While both the Prioress and the Monk like to indulge in fine foods, garments, and activities, there is a distinction as to how they present themselves despite these similarities. The Prioress seems to conceal and hide behind a modest and elegant facade. She also is more deceitful in her intent because she is not outward about her hypocrisy and calculatingly tries to hide it. The Monk, on the other hand, is shameless enough to admit that he doesn’t abide by his code and presents himself more authentically. Both characters represent a larger issue with concern to hierarchy and class during the Middle Ages showing the reader that religious leaders abused their positions and corrupted an institution that had both moral and legal agency over society.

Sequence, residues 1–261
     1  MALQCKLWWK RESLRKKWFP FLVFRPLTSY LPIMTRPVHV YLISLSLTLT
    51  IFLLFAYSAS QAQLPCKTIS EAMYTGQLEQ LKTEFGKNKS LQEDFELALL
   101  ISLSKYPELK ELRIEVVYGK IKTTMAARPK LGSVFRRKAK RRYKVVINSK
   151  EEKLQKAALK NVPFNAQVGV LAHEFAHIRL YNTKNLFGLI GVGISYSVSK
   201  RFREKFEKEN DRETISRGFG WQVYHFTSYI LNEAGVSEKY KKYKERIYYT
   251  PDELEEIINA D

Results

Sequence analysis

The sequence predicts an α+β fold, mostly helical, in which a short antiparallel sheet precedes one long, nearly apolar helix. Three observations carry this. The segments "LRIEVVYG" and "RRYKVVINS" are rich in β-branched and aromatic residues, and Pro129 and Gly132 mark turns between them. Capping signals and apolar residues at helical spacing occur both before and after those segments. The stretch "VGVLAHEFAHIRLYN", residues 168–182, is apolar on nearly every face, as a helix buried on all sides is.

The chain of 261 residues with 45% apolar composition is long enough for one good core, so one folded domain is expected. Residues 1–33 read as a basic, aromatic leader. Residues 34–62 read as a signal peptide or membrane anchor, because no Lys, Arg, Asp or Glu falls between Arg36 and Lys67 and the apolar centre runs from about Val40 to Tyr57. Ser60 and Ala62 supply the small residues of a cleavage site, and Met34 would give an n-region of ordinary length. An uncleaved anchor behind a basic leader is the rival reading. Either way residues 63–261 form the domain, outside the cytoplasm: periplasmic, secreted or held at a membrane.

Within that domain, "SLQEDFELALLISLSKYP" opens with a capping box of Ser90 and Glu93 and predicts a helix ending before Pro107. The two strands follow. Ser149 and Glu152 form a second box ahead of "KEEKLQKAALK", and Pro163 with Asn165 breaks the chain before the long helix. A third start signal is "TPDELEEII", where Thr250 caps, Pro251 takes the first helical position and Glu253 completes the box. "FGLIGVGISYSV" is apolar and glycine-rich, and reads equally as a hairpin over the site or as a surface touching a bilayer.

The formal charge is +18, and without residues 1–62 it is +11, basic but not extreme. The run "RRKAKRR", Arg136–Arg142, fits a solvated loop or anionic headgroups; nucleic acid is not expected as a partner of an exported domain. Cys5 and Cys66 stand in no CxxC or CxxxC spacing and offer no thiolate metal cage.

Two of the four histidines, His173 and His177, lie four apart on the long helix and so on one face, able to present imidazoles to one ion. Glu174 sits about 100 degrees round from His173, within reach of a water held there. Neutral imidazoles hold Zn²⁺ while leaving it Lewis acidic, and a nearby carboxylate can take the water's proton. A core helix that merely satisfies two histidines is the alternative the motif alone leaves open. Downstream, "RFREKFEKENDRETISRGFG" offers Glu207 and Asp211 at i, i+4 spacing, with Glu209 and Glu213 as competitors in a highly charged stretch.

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Essay on Chaucer’s Use of Satire in ‘The Canterbury Tales’. (2023, April 21). Edubirdie. Retrieved June 23, 2024, from https://edubirdie.com/examples/essay-on-chaucers-use-of-satire-in-the-canterbury-tales/